CEAT does not have CSR information on their site. They have initiated “Be Idiot Safe” programme. There is a separate website dedicated to this http://www.beidiotsafe.com/ . The website features information on people who violate traffic and safety rules. The website also features real life traffic and safety violation examples in form of videos and pictures added by people.

What do you think of automotive advertising in India?

Advertising and communication will generally take the credit when it comes to success of a product. There are many successful products in the country in the automotive sector. So the question is can advertising and communication be responsible for some of the negative episodes of traffic in our country? I have been searching for relevant advertising guidelines for the Indian automotive industry.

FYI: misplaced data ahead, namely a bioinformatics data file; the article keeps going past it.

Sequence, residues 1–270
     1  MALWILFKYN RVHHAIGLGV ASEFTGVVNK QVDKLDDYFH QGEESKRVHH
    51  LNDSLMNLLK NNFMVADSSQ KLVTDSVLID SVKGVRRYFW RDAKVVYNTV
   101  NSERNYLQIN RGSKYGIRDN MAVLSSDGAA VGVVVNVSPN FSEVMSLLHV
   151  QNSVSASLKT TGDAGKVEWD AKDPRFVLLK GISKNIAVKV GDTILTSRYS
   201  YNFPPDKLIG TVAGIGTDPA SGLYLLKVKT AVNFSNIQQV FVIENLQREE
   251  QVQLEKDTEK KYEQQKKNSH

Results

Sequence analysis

For now, I do not have access to them and will be following up with the revelant industry body. I have, however, come across a presentation that details the deliberations of the Canadian companies etc. These points, taken from their presentation, are indicative and served as a guideline while viewing the ads.

Advertisements must not display a disregard for safety by depicting situations that might reasonably be interpreted as encouraging unsafe or dangerous practices, or acts
Does the depiction of the performance, power or acceleration of the vehicle convey the impression that it is acceptable to exceed speed limits?